Remaking Northampton

The truth is, I don’t know much about Northampton’s sustainability plan. I should, but I just don’t. This plan addresses so many aspects of what I care about: community, conservation, sense of place, development. It is going to have a huge impact on the town that my wife and I plan to call home for quite some time. I should have read it, I should get myself a copy.

However, even without reading it, I have been exposed to some of the controversy surrounding it through the editorial pages of the local newspaper. An editorial in the Hampshire Gazette this week caught my attention. In it, Joel Russell a local land use attorney and planner asserted that the “Sustainable Northampton Plan” lacks one vital component. This one thing was not a particular policy or regulation. Nor was it was a certain goal or a target. Instead, Mr. Russell asserts that that the plan lacks a “compelling vision to help create the future we want and deserve as a community.” He continues, “The plan should be a call to action… it should be exciting and have a sense of urgency. After all, this is about our future and the lives of future generations.”

However, this is the line that really caught my attention, “The Sustainable Northampton Plan needs to be more inspirational.” Russell suggests that all the measures, all the metrics, all the bureaucratic details be put in an appendix. These should all be translated into a compelling vision designed not to tell people where to go, but to inspire them to get there. When was the last time someone suggested that a government document be inspiring? When was the last time an official plan gave us a vision of who we are and who we could be?

Those of you who know me, know that the bulk of my writing research has been on the use of language in conserving land. When I read this editorial I could not help but think that what Russell was calling for was language that could help us more clearly define and articulate our values. Peter Forbes says it this way:

“The conservation movement has not fully accepted that the root problem spawning its crusade is not loss of species, or decreasing air and water quality, or dwindling wilderness, or even relentless sprawl. These are the symptoms. The root problem is how we as humans live each day, and from where we draw our values. Until conservation offers positive alternatives to people about how they might lead their daily lives, a land ethic will elude us.” (from Our Land Ourselves)

Although Russell does not say it explicitly, it is clear from his editorial that he fears the potential for the detailed laws and regulations to alienate people, or simply turn them off. A document that advocates substantial changes to the way we live and relate to each other and the world that makes up our community, should not be off-putting. Forbes writes about this as well.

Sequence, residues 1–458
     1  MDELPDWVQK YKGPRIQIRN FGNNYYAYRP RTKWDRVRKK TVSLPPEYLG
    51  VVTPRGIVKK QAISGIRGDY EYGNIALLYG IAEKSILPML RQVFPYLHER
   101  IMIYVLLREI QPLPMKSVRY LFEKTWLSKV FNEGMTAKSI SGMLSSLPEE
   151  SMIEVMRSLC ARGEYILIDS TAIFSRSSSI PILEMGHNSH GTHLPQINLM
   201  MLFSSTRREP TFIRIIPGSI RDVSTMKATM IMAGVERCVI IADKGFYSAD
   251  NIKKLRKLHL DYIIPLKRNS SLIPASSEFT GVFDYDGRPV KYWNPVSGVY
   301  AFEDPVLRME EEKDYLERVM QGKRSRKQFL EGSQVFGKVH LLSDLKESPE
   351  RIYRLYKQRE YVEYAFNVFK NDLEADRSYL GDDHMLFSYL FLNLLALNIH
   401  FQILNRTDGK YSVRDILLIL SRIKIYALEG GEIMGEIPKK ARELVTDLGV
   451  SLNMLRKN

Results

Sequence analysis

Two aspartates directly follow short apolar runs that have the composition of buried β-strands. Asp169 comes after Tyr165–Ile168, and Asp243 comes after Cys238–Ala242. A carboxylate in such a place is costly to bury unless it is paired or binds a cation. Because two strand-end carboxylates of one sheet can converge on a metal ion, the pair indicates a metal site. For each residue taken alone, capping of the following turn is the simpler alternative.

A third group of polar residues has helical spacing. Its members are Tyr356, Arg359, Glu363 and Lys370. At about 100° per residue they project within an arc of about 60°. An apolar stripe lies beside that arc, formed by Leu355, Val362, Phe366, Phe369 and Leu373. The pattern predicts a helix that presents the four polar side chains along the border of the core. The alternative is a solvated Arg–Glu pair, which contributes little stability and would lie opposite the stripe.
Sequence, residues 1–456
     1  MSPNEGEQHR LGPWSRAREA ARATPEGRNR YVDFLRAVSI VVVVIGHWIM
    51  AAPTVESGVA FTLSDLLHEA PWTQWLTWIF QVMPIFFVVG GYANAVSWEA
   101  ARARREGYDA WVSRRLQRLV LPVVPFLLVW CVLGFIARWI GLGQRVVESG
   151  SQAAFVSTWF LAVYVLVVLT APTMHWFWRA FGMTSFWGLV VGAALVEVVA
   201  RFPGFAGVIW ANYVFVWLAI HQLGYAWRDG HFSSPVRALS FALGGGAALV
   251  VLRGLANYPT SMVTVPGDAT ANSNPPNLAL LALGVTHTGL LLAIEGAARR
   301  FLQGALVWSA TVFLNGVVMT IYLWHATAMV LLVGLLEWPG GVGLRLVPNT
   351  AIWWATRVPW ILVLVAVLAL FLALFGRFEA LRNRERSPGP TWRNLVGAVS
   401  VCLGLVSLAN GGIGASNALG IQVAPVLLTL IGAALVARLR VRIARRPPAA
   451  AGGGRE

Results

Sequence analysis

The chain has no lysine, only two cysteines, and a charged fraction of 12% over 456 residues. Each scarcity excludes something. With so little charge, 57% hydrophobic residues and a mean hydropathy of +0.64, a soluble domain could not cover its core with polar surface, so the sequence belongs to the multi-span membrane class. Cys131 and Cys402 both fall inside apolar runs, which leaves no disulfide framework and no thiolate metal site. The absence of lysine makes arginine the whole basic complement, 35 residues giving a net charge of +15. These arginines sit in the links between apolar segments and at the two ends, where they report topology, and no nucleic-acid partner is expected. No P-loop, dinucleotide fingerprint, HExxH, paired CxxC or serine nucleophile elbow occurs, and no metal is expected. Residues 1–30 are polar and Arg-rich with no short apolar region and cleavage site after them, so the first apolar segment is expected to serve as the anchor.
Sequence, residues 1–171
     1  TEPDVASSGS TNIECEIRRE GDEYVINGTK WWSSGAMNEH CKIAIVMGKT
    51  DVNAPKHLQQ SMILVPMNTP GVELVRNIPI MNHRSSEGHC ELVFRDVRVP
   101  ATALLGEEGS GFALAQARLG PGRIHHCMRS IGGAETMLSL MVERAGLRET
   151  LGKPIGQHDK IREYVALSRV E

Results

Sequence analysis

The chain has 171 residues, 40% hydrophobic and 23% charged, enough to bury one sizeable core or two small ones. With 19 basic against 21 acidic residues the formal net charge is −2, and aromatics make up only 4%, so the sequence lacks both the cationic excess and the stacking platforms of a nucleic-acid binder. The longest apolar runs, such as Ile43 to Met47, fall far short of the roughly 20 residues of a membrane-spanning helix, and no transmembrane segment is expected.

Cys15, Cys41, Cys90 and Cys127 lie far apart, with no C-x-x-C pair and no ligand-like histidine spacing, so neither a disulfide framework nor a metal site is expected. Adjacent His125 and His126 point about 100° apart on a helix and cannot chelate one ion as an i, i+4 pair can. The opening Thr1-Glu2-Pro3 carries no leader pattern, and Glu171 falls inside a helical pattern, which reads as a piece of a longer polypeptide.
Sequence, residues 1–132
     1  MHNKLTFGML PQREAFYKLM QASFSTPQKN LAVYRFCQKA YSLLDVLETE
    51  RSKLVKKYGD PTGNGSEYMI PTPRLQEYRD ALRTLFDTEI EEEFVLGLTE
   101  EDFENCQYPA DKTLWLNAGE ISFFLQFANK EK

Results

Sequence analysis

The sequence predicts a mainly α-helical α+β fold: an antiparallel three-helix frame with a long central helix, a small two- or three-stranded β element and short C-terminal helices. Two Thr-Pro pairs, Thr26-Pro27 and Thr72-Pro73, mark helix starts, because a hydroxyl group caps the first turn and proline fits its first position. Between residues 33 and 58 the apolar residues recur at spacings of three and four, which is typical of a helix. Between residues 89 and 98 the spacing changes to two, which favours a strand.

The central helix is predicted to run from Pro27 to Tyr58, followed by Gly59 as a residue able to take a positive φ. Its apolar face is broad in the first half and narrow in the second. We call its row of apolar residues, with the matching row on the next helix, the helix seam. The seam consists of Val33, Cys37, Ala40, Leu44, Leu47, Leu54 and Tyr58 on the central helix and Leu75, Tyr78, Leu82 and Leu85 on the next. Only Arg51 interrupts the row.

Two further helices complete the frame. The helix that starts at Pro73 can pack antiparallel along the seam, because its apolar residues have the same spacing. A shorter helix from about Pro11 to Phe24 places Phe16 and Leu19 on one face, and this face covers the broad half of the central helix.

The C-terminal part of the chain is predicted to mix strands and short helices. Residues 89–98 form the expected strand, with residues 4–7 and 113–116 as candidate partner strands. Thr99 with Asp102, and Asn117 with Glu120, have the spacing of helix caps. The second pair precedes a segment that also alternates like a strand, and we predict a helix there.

“No laws address how a change to the land affects our hope of community, our network of relationships (human and nonhuman), the memories we build as children, our commitment to a deeper citizenship with where we live, our connection to local culture and tradition. In short, how will a change in this land affect the wholeness of our community?” (from Giving Way to the Story)

I think that Russell is asking for something more than a land use document. He is calling for a manifesto for a new way of being human, another way of living here in the Connecticut River Valley, in Northampton, Massachusetts. I am again stealing from peter Forbes when I use the phrase “another way of being human.” “Imagine, for a moment, that the purpose of conserving land is to help create a new kind of people,” writes Peter Forbes. “This vision for land conservation suggests that our highest goal might just be to help people think and act differently.” (from A Conservation Eulogy)

I would argue that we need a document that not only articulates this new way of being human, presenting a compelling new vision of the community we want for ourselves and for our children, but also one that imagines a range of ways that conservation can help us reach that vision. I mean both how conservation will create a better, more healthy community, but also how the act of conserving, the act of forbearance, can help us recreate ourselves and our relationships to each other and to the land.

Garry Willis, author of the Pulitzer Prize winning “Lincoln at Gettysburg: The Words That Remade America,” argues that after the Gettysburg Address, “The crowd departed with a new thing in its ideological; luggage, that new constitution Lincoln had substituted for the one the brought there with them. They walked off, from those curving graves on the hillside, under a changed sky, into a different America.” (as quoted in Sarah Vowell’s essay “What He Said There“).

In the end, I am struck by the way each of these authors capture the power of words and language to not only inspire new ideas and new thoughts, but new action and new places. What words could inspire such a change today? What could we say or write that would leave people with a new conception of this place, or their lives here? Russell suggests that as Northampton embarks on a dialogue about our future we have a unique opportunity to not only plan, but also envision ourselves as individuals, as neighbors, and as a community. We have an opportunity to not only instruct but also inspire. I hope that others are listening.

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